I’ve heard haggis described as “a sheep, turned inside out”.
Traditionally consisting of all the bits of a sheep you weren’t going
to serve up in recognizable form (the “offal”) made into a sausage and
cooked in the
sheep’s stomach. Well, you asked. And before
you get disgusted, set
down that forkful of breakfast sausage you have in hand, and give it a
good, hard think: its ingredients aren’t a lot different.
Anyway, I’ve enjoyed haggis from and in Scotland. Sadly, it’s not
the sort of thing that is easily importable, anywhere, labeled as
food. As I’ve only ever managed to get to Scotland once, it
occurred to me that the only way to get a haggis fix would be to figure
out how to make it myself… though I drew the line at having to
cook it in a sheep’s stomach.
Pictured above is Haggis the Second. Haggis the First was
pleasant, but really more of a lamb hash — made with ground lamb
and rolled oats, it tasted far more of, well, lamb than my recollection
of something slightly chewy, spicy, and oaty. I decided I needed
to tackle the oat problem, as well as introduce some of the more
“intense” bits of meat (offal).
First up, the oats. And, here’s a visual aid:
Clockwise, from the top
- old fashioned rolled oats,
made from oats that have been parcooked and pressed through rollers
- Irish, or steel-cut oatmeal,
oats that have been literally sliced into pieces
- Scottish oatmeal,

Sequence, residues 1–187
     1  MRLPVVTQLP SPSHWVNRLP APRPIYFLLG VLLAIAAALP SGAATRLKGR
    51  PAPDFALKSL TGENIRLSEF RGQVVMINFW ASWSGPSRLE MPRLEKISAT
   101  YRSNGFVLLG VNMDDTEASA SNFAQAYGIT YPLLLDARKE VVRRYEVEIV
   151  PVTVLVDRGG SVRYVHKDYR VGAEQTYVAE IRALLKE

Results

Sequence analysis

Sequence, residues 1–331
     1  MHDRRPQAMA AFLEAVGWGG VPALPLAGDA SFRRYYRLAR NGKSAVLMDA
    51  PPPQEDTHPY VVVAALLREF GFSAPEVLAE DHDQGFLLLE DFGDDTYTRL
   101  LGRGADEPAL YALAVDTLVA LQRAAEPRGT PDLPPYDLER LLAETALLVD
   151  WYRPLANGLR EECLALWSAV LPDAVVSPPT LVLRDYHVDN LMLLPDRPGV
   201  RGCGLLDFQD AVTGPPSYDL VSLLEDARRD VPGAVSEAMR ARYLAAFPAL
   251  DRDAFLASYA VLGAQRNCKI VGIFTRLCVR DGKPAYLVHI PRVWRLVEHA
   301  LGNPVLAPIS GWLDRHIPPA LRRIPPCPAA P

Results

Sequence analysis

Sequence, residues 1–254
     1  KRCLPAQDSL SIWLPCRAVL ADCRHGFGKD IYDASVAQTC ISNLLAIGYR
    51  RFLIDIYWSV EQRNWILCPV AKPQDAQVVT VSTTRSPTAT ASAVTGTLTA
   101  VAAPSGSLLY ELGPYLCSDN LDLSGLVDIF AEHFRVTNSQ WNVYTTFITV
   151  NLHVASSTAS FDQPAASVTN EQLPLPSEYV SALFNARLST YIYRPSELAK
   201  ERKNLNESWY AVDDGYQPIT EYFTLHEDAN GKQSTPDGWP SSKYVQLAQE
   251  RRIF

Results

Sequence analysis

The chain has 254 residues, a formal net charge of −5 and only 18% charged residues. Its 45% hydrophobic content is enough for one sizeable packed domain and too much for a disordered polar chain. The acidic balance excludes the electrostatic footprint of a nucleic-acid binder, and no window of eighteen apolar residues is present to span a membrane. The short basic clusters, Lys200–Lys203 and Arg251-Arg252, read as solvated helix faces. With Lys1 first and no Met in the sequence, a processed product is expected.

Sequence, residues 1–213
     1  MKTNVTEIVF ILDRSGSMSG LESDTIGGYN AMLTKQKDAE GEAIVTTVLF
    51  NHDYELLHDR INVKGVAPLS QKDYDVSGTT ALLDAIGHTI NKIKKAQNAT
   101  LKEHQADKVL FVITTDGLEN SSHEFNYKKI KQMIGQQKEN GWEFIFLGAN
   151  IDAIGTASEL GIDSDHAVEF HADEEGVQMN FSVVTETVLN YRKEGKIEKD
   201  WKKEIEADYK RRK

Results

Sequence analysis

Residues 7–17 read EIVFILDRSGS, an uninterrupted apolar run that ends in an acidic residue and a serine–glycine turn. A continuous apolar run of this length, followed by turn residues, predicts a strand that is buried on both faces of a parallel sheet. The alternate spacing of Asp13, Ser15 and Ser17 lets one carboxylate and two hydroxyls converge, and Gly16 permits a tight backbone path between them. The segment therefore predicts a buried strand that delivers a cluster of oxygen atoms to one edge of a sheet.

- Quick-cooking rolled oats,
same as old fashioned, but flaked into smaller pieces
Naturally, I decided I’d better go Scottish for this application.
Unfortunately, I didn’t have any in the cupboard. Wasn’t really
sure where to find them around here, either. So, I took the
simple route, and ordered online from the
MegaOnlineEmporium. I was only mildly put off by the fact
that I had to purchase 4 20oz packages (5lbs). Then there was an
unfortunate collision betweent their choice of CutRateShipper and some
bad weather in our area, which lead to me exercising my Angry Customer
Rights when the 2-day delivery still hadn’t shown after 5 days, and
another box was sent (free of charge, overnight, free of charge, with
ReputableShipper). Never mind that there was more weather — the
second box was on my doorstep the next day. And a few days later
(making it a week late), the first box. “Sorry, no returns on
grocery items”. I had 10lbs of Scottish oatmeal (in convenient
store display boxes):
For reference, that is enough for Haggis the 2nd through 16th.
Moving on. To get that nutty flavour, I toasted the 2 cups of
And then the trick was to get the proper meat texture. Apart from
the 1lb of ground lamb pictured above (beside the toasted oats), I
boiled 1/2 lb beef liver and 1/2 lb beef heart, with onions. That
essentially cooked the meats, and made a broth.
Offal about to be chopped —
Mixed all together with ground lamb, toasted oats, spices, and ready to
go (cheesecloth, not sheep stomach):
A couple of hours of steaming (using that fine broth) — voila!
My (completely non-authoritative) opinion: the texture really
worked, and I need to work on the spices.
Of course, I’m going to have to get some proper haggis soon to do
some taste comparison!